Japan’s Prime Minister Shinzo Abe dissolved the lower house of parliament this week, calling for a snap election around mid-December. It comes after the government delayed the second stage of unpopular consumption tax hikes by 18 months. Despite Japan’s economic troubles, Abe’s popularity remains high, leading some to question his motivations for calling an early election.
With a sense of accomplishment, Abe said it is now up to the Japanese public to decide whether he is still needed for the economic recovery efforts.
Experts said there are two major reasons that Abe called this snap election. First, he’s looking to wipe his slate clean after a series of political money scandals that lead to number of ministers resigning. Second, there’s growing fears that the economy may slipping back into recession. The election would be an ideal reset button.
“Ordinarily, this will be an opportunity for the opposition to cooperate and unite in fighting against the ruling LDP. Unfortunately, with a sudden election with less than one month to prepare, it will be hard for the opposition to find candidates and expand their seats in the diet,” said Ken Jimbo, an assistant professor of Faculty of Policy Management at Keio University, Japan.
“What is he doing is a clear political calculations. I take my lumps now. Because I will do worse later, and if I run now, I will get a two year extension, or at the LDP gets two more year in the diet. More time to roll out his agenda of reform,” said Jeff Kingston, a professor of Asian studies from Temple University.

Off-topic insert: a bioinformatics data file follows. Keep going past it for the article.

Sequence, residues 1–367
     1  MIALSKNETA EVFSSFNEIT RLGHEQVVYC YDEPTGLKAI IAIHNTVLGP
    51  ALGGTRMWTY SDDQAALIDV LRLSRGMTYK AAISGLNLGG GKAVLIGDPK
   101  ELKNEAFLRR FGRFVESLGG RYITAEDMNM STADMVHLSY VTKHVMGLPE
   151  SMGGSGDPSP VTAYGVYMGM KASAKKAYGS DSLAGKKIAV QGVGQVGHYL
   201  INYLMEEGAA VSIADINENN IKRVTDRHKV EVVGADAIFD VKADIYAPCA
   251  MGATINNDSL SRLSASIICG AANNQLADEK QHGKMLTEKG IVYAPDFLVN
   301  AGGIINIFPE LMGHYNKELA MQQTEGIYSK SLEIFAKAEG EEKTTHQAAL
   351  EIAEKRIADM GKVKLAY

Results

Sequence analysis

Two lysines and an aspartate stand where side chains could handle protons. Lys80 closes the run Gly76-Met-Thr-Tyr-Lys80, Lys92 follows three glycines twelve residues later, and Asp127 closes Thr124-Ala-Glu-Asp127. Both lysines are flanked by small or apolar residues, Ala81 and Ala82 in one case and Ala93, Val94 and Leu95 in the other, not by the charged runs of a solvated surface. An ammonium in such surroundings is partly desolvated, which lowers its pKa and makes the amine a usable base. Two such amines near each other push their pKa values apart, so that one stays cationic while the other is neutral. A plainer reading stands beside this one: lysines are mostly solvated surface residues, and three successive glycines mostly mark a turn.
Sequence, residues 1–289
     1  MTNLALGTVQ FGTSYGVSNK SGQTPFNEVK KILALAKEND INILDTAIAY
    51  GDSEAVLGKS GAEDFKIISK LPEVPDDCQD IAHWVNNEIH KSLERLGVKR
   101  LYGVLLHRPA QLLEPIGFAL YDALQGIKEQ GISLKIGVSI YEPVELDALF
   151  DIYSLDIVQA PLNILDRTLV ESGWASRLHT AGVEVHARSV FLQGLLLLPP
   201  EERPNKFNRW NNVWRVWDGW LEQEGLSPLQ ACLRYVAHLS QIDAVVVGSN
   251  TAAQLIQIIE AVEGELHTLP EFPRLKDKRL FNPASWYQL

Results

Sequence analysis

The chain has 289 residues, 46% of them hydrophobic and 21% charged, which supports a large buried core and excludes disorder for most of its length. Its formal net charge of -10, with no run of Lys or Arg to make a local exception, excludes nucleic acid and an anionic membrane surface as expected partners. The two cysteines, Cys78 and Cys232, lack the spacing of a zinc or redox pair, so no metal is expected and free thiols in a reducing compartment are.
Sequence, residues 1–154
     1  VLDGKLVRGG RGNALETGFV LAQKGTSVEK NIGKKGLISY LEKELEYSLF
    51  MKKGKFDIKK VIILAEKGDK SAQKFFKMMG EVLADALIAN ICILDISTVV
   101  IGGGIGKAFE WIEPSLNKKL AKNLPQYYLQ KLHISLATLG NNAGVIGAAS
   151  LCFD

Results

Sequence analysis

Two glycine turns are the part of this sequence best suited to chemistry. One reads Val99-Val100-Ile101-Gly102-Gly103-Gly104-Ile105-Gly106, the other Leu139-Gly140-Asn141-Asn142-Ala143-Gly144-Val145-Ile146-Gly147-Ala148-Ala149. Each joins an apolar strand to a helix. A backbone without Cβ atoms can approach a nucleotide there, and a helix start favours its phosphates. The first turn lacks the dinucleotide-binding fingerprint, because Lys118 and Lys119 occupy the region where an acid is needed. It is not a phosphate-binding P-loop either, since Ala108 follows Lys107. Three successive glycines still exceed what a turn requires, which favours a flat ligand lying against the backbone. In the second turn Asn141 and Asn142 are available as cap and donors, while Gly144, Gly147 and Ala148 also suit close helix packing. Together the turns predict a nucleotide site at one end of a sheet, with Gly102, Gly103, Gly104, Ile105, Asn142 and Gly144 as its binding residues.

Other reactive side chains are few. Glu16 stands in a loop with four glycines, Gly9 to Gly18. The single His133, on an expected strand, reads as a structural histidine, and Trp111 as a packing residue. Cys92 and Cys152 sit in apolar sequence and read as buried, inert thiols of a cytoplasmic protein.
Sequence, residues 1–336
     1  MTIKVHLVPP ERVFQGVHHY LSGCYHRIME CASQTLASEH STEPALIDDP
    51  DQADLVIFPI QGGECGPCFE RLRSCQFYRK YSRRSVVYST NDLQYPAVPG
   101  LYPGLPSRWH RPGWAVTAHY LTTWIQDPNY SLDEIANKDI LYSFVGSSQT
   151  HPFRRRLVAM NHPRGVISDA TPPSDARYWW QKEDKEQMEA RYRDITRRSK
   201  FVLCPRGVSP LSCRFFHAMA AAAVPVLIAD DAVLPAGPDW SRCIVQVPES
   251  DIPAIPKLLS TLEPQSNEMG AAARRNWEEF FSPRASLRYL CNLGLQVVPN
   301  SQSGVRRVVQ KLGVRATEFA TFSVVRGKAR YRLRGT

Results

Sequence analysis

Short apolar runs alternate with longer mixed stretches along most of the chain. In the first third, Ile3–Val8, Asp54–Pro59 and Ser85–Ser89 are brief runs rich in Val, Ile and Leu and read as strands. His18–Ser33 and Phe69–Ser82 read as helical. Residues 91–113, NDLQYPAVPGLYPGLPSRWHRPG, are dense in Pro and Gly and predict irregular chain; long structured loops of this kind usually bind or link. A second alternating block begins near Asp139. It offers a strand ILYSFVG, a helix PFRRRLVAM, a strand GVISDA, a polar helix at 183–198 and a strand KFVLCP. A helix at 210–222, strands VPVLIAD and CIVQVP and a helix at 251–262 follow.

However, unpopular decisions may lie ahead Abe that might chip away at his support.
These include restarting nuclear power plants, a controversial free trade agreement, collective self-defense and changing interpretations of the Japanese constitution.
But this election may well allow Abe to push ahead with his agenda.
“The voters will probably feel that they are deprived of a real choice. But once the election is over, Abe is likely to claim that he’s got the popular mandate and now he practically has the blank cheque of the people for continuing to govern for another four years,” said Koichi Nakano, a professor from Sophia University.
The vote is set for Dec. 14 and the opposition camps are rushing to line up candidates in a bid to gain as many seats as possible.
CCTV America’s Terrence Terashima reports from Tokyo.